melanie,We've had discussions on recent construction and basically not trusting anything built towards the end of the bubble (2005?-2009) but I don't think we've touched much on new construction. For many places where land is less of a premium new construction can be a good way of getting what you really want, but you'll have to get those on hear with more knowledge than me to discuss the current pricing and pros and cons appropriate for actual situation on the ground in Manassas.Others have also weighed in on which national builders are solvent, perhaps some of them can chime in too.How do the prices look to you?
@J@ and Tom,Here are some individual properties. Looks to me like there are some plunging prices inside the Beltway and in Arlington. Hmmmmm.http://franklymls.com/AR7096731 (asking $351,872; 2008 Assessment is $528,900)http://franklymls.com/AR6967163 (began this year asking $525,000; now asking $324,700)http://franklymls.com/AR7119075 (list price $210,000; sold in 2005 for $479,900)http://franklymls.com/AR7112323 (list price $149,000; sold in 2003 for $205,000)Looks to me like there are some huge price drops in Arlington in the Nauck neighborhood.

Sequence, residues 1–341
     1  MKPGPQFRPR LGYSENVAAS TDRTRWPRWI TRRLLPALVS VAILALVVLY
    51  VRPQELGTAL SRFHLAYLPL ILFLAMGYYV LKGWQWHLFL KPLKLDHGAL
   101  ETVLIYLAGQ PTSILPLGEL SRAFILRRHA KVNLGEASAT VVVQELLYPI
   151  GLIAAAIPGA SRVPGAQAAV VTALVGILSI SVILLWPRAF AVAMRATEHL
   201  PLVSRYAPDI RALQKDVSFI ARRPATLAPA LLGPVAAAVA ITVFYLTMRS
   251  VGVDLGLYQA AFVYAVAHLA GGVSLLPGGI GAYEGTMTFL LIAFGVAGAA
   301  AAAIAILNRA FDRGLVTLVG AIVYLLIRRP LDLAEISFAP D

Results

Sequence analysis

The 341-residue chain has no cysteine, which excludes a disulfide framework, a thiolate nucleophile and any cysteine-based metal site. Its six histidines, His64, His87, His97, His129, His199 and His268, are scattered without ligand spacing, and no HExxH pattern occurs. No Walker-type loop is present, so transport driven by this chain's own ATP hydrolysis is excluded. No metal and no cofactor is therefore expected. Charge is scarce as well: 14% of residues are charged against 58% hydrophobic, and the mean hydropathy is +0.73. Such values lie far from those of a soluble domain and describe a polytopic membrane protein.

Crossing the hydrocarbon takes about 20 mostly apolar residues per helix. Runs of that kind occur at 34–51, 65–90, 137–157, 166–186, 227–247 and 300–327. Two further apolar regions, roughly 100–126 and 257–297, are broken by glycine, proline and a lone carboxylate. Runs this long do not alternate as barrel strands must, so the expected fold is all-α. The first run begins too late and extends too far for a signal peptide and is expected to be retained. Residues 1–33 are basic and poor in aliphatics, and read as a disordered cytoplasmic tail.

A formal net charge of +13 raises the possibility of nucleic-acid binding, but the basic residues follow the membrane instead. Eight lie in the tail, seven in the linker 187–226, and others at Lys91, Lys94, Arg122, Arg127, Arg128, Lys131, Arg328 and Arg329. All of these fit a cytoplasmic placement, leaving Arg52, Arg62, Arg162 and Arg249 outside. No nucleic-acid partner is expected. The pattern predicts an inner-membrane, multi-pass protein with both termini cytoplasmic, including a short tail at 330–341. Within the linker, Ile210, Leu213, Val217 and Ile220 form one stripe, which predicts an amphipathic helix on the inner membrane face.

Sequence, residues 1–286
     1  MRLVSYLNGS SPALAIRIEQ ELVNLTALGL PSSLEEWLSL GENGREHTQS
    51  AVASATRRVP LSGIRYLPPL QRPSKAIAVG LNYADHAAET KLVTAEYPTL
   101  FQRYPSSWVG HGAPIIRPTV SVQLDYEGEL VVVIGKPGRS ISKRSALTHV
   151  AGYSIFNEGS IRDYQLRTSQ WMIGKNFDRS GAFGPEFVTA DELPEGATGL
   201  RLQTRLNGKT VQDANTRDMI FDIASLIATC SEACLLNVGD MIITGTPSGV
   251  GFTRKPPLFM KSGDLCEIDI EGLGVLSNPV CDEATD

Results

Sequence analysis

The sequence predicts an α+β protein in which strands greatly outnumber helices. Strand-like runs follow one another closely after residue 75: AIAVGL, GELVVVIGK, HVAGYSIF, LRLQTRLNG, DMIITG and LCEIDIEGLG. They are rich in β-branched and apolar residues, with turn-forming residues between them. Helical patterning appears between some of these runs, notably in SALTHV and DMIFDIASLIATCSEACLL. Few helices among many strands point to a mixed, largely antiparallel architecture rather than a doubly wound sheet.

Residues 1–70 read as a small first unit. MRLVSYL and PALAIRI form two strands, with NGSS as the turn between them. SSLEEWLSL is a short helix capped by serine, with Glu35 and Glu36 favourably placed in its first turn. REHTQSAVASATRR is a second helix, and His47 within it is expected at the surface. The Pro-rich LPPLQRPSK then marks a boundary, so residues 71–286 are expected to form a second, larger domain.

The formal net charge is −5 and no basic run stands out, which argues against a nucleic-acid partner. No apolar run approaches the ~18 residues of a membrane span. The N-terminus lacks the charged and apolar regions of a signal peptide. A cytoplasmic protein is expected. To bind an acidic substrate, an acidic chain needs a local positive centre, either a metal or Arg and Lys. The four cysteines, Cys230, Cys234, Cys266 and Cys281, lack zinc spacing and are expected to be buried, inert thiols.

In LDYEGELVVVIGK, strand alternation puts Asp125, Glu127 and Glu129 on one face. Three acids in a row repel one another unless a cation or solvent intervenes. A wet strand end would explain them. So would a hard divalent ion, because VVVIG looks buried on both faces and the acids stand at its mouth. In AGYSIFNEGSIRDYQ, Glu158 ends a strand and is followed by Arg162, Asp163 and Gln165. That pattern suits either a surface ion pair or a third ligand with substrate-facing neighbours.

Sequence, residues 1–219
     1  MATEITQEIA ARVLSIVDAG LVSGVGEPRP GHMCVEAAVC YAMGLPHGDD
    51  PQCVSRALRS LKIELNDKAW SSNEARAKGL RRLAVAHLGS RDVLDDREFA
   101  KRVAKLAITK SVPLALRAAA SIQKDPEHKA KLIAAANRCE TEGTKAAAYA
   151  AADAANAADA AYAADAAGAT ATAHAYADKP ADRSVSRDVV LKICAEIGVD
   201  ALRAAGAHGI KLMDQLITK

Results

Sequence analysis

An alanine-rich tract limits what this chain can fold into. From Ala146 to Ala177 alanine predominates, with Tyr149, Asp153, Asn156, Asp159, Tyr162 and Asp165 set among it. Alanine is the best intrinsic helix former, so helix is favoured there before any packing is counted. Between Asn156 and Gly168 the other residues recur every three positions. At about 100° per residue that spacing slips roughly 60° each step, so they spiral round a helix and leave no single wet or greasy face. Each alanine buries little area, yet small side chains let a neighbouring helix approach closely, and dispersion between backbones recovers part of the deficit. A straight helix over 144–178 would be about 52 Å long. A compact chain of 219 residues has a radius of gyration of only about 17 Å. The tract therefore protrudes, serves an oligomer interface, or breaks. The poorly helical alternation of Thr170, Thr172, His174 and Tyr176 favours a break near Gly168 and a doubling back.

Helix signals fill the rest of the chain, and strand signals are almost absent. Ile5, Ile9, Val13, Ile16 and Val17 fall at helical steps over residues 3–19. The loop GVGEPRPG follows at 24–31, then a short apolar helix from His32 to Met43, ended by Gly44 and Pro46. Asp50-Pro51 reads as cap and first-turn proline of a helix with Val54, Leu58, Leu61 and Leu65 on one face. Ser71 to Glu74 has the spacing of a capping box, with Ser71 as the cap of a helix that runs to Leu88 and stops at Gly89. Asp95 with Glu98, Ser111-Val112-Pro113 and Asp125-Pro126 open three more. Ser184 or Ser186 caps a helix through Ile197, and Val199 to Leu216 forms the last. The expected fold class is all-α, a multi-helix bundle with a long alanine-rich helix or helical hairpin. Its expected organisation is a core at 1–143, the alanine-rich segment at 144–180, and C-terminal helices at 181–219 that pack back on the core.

The home we're looking at is priced in the low to mid $600s near the Hoadley/Kahns area on 2.2 acres, 5 beds/5 baths. There are older homes nearby that were bouth in 06 upwards of $1mil and have appeared to bottom out in that price range. My fear is that if they haven't bottomed out that we'll have trouble with the appraisal next spring.
melanie,Off-hand, not being familiar at all with that area, that sounds to me like a good value (Tabitha arkey? PWC folks?). The appraisers should be paying most attention to what one can get for $650k(ish) than they will be to what one could get if one had $300k more to spend...Is there a way of structuring the construction loan such that you won't need to worry about the appraisal at completion? (That may be a terrible idea in and of itself) Or are they building it on their dime, and you're just committing yourself to yet another long wait, this time with more money on the line... There have been some articles in the WaPo that at least briefly discuss the pros and cons of different methods of paying builders....